Letter to NHMRC re Excess lead in US & Australian fluoridated water
By John Teagle
To: Ms Cathy Connor
National Health and Medical Research Council (NHMRC)
In previous correspondence sent to your office I provided an alarming article concerning the amount of lead in children’s bloodstreams.
A copy of this double blind research is again enclosed for your reference and it can be seen that the main reason for the unacceptable blood levels is due to the ingestion of artificial fluoride compounds such as hydrofluosilicic acid.
In particular the following comments are considered relevant here:
So now we have logically determined the source of the mercury exposures but where does the infant get the lead? This is where it gets even more complicated.
There is a manmade molecule called hydrofluosilicic acid that is derived from the manufacturer of phosphate fertilizer or from the mining operations that extract nuclear materials from high phosphate rock. It consists of a core of sand (silica) populated with 6 molecules of fluoride and a water molecule. This forms a unique electrical attraction to lead. In fact it is so unique there is a patent in the US office for this product to extract lead from brass.
In 1999 Roger Masters and Myron Coplan analyzed raw data collected by NHANES children’s lead study.6 For many years NHANES has asked every physician who sees a young child to collect a little bit of blood for them to measure the blood lead levels. As a result there are computers full of numbers but up until that point no one had thought to see if there was a connection between blood lead and hydrofluosilicic acid. Dr. Masters and Mr. Coplan took the data from 280,000 children and compared the blood lead levels and other known factors for lead exposure and included whether or not the public drinking water was supplemented with hydrofluosilicic acid. To everyone’s amazement except Mr. Coplan's the correlation was startling. Children who were exposed through their drinking water to hydrofluosilicic acid had twice the blood lead levels as those children who were not exposed.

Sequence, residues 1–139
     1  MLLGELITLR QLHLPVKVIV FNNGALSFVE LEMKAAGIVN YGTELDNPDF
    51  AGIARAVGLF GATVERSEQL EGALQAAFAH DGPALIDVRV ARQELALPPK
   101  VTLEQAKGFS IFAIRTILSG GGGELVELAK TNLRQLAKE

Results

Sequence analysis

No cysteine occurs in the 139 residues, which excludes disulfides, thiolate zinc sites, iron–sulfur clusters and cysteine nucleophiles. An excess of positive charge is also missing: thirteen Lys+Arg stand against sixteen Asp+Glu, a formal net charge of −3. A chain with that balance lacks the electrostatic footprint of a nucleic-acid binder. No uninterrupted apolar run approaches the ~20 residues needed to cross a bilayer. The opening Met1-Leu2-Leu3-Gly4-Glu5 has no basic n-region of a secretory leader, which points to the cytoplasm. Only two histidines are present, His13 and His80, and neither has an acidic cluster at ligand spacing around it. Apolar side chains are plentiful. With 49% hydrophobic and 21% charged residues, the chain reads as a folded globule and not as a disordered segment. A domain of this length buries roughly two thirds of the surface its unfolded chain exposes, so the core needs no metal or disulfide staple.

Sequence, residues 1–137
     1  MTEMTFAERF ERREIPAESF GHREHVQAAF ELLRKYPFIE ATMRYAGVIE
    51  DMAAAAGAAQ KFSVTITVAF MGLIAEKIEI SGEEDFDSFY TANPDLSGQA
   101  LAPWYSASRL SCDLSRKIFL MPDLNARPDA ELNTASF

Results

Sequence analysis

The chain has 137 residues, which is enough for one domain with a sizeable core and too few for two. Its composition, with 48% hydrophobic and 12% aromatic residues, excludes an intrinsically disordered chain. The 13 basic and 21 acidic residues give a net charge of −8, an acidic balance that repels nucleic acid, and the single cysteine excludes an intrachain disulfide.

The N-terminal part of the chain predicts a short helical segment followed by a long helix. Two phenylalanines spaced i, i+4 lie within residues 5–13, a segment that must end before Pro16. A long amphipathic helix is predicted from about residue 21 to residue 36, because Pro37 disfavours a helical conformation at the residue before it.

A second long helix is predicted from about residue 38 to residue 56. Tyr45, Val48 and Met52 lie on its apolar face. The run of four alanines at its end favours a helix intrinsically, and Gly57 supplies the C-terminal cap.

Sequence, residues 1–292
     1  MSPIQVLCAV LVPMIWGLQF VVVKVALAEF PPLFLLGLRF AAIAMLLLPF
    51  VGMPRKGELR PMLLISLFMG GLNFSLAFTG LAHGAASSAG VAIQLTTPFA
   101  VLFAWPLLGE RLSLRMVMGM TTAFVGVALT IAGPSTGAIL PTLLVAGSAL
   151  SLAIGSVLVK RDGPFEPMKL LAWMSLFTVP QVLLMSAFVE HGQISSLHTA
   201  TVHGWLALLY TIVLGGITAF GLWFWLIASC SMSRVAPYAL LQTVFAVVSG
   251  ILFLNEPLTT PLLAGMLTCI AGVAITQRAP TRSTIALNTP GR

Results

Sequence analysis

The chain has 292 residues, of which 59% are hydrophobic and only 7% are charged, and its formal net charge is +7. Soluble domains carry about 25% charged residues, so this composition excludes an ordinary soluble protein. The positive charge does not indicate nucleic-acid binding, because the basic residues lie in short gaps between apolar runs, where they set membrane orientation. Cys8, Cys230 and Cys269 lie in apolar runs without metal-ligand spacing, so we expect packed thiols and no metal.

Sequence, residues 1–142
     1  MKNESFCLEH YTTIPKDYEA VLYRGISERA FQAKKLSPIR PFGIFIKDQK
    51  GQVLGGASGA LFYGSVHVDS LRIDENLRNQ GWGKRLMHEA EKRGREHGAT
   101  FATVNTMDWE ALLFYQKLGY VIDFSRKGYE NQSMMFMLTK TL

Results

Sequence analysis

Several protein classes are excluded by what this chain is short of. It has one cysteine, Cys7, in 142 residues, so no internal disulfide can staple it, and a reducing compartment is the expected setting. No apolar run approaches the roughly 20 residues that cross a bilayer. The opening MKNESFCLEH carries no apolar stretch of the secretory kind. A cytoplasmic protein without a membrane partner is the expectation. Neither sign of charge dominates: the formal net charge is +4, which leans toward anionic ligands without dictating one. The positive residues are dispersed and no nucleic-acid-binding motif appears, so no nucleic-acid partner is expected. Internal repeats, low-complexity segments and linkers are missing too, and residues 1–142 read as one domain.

I now draw your attention to a Macquarie university study currently being undertaken by Paul Harvey.
While this study is ongoing, sample testing of tap water has revealed excessive amounts of lead contained in the fluoridated water – see “Researcher to map lead contamination in New South Wales’ drinking water” at http://www.mq.edu.au/newsroom/2014/10/24/researcher-to-map-lead-contamination-in-new-south-wales-drinking-water/
The 24 October 2014 article by Harvey maintains that some testing has revealed lead concentrates in the tap water that exceed the purported Australian Drinking Water Guidelines safe levels by twenty times.
According to this article, tap water has never been tested in this country for safety even though fluoride compounds have been added to Council reticulated water supplies for more than sixty years in some parts of Australia.
Please advise whether your office is aware of this current study and whether you are aware of any testing of tap water conducted by State and Territory health departments or Councils that fluoridate.
As you know, the fluorine ion contained in artificial fluoride compounds is bound with heavy metals such as lead, arsenic, cadmium, mercury, aluminium and these poisons are ingested by consumers. This matter is discussed in the section 8.1 of the enclosed Code of Practice.
Furthermore, the artificial fluoride compounds are highly corrosive and this would result in an increase in the lead content in tap water. For example hydrofluorosilicic acid used in fluoridation is extremely dangerous – see section 5 of the enclosed Code of Practice.
The lead is contained in copper piping and the fluoridated water is highly acidic, resulting in the lead being leached into the water.
The enclosed Code of Practice also legislates that 8.1.1 Any impurities in the fluoridating agent shall not cause health problems for consumers or result in non-compliance with the Australian Drinking Water Guidelines. Physical characteristics and variations in strength should not significantly increase risk of reliably maintaining the required fluoride concentration in the treated water.
The NHMRC is responsible for the compilation and publishing the Australian Drinking Water Guidelines, consequently what controls does the NHMRC have in place, ensuring water authorities are complying with the mandatory requirements of section 8.1.1.
This would necessarily require the testing of consumer’s tap water in their residences for levels of contaminants such as lead, arsenic, etc. and whether these impurities are always in accord with the ADWG.
Furthermore, to ensure that the lead levels is less than the purported safe level stated in the ADWG, it is necessary to test consumer’s blood.